Physics, chemistry, biology, astronomy, geology and meteorology are regarded as physical sciences because they apply to the natural world and can be investigated by using data and models to form a hypothesis that can be tested through carefully controlled experiments. This list is for anyone who’s ever looked at their homework (or the lab) and wondered: What am I ever going to need this for?!?
In Brief Answers to the Big Questions, theoretical physicist Stephen Hawking’s last book, the author touches on some of his earlier works to ask why we’re here and how we can best survive. Despite weighty subjects like the existence of God, climate change, artificial intelligence, and gene editing, Hawking is optimistic that science is the answer and will, if we allow, offer solutions to our greatest dilemmas. This is a wonderful introduction to Hawking’s work.
Liquid Rules: The Delightful and Dangerous Substances that Flow through Our Lives is Mark Miodownik’s companion to 2014’s Stuff Matters. Miodownik, a materials scientist, presents his topic in terms of liquids encountered on a flight – from the fuel that powers the engine to the wine on the trolley, even to the clouds you can see from the window. Although the set-up can be fanciful and some of the chemistry is hard-core, this is a fun, readable guide to liquids.
The Body: A Guide for Occupants is Bill Bryson’s survey of the human body and what goes into it, lives on it, and happens inside it. A prolific writer, Bryson provides a layman’s guide to the human body from skin to skeleton and from head to toe, linking the various elements to the history of medicine and disease – after all, a working body isn’t as “interesting” as a dysfunctional one. Written in plain, understandable language and sometimes gruesome detail, this book will teach you a lot.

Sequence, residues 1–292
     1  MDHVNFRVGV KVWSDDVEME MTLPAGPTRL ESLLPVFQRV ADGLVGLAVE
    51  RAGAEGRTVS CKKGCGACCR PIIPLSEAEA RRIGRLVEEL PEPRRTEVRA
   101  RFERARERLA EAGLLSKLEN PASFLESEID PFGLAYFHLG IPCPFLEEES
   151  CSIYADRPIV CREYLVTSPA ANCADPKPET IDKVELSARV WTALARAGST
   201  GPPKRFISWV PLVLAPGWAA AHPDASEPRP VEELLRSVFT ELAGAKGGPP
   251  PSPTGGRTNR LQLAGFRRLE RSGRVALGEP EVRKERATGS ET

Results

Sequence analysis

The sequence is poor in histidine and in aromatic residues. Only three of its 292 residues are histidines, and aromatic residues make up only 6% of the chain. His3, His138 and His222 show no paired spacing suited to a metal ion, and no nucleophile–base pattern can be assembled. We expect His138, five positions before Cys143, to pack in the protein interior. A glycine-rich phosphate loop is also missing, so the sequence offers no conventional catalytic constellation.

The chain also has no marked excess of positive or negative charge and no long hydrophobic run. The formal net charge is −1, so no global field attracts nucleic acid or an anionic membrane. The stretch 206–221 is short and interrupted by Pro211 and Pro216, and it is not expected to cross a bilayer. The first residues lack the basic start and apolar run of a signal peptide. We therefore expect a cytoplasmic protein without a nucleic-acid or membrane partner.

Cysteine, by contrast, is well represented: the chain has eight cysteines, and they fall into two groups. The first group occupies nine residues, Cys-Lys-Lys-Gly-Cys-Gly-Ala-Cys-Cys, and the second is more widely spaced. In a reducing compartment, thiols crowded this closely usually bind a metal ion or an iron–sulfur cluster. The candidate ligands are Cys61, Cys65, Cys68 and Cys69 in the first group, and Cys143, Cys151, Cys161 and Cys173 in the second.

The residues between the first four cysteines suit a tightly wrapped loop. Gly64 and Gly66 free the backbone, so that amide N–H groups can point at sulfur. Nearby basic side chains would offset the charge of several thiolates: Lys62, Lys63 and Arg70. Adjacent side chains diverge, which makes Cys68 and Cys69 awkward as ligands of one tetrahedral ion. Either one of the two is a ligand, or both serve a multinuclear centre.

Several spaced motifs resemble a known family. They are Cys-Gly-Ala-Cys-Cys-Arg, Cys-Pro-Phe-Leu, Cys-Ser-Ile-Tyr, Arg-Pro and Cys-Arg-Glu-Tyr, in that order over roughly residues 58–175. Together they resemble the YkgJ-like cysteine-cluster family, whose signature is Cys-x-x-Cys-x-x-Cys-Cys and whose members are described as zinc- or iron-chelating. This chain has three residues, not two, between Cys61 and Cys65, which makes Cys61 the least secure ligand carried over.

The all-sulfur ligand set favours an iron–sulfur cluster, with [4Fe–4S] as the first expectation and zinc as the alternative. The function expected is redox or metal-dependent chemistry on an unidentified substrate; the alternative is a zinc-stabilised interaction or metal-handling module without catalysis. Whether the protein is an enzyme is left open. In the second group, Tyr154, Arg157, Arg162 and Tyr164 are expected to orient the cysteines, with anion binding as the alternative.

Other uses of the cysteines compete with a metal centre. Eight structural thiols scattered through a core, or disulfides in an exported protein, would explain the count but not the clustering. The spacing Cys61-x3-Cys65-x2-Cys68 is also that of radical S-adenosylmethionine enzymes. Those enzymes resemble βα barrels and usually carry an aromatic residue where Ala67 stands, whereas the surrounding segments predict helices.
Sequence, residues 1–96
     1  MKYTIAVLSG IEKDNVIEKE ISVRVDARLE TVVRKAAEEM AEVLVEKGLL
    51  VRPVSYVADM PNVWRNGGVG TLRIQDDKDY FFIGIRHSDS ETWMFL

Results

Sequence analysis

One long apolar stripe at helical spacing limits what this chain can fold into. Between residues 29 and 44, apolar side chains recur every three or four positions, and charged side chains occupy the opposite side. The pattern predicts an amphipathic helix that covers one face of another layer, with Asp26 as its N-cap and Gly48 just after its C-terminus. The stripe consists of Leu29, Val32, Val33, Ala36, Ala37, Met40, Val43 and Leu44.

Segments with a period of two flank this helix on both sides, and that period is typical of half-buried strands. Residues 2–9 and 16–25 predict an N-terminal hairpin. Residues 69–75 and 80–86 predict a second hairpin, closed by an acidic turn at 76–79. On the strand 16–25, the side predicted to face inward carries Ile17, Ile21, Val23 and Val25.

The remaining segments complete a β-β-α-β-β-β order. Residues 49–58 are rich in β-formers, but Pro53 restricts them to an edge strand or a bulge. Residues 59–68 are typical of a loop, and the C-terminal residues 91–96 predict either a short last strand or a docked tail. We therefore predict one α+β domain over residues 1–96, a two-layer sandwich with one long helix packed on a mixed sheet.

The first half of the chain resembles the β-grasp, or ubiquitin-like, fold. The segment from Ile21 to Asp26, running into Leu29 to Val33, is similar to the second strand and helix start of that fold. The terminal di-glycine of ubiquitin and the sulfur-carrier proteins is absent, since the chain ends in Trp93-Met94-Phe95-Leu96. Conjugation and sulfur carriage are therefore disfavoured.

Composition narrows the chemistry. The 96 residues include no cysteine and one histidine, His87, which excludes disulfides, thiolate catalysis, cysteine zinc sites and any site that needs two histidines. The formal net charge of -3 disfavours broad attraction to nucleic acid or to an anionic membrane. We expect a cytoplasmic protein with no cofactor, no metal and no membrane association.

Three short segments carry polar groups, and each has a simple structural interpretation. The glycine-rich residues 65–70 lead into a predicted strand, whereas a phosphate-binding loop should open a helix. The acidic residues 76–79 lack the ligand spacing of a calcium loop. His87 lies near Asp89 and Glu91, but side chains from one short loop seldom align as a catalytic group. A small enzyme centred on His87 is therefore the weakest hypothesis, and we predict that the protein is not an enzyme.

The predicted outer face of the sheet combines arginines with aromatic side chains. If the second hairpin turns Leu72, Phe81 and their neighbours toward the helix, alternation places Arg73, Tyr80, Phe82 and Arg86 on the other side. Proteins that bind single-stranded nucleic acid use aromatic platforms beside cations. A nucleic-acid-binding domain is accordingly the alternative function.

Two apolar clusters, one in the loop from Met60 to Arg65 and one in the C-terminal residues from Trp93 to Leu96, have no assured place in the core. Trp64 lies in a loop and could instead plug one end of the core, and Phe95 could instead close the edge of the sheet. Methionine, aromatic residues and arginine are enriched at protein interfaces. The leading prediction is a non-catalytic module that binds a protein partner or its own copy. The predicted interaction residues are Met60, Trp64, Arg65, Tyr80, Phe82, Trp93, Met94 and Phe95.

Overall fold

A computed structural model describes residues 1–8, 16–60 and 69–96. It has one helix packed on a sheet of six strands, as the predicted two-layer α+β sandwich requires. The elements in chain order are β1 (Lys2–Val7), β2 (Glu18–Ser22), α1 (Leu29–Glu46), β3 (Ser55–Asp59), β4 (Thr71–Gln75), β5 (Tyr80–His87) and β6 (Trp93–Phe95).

Part primer, part sky map, Govert Schilling’s Constellations: The Story of Space Told Through the 88 Known Star Patterns in the Night Sky is an informative and practical guide to stargazing. Journalist and astronomy hobbyist Schilling provides histories of the constellations, naming conventions, and various objects (black holes, nebulae, etc.) that you can observe in the sky. After a general introduction, Schilling then explores each constellation to gradually reveal a fascinating story for fellow enthusiasts, while the included sky maps help even the novice stargazer learn to read the night sky.
Underland: A Deep Time Journey is nature writer Robert Macfarlane’s exploration of the deep places in the earth, be they caves, mines, tunnels, catacombs, and the like. From fungal networks in forests to underground partygoers to repositories of nuclear waste, Macfarlane gives us a travelogue with incredible descriptions of each location, weaving in myriad topics that cover millennia of activity and human interest in underground spaces.
Sam Kean combines science and humor to discuss the atmosphere and other gases in Caesar’s Last Breath: Decoding the Secrets of the Air Around Us. Using accessible language, Kean covers the early days of our planet and the devastating advent of oxygen, to modern warfare and the use of chemical weapons. He also includes stories of scientists and plain folk (some with extraordinary “talents”) that bring a very real human urgency to the topic. Fun and wide-ranging, sometimes Kean strays off topic – but you will enjoy the ride.
If you would like more science books, or a book list made just for you on any topic, check out My Next Read. Just fill out the form and we will send you some great titles!
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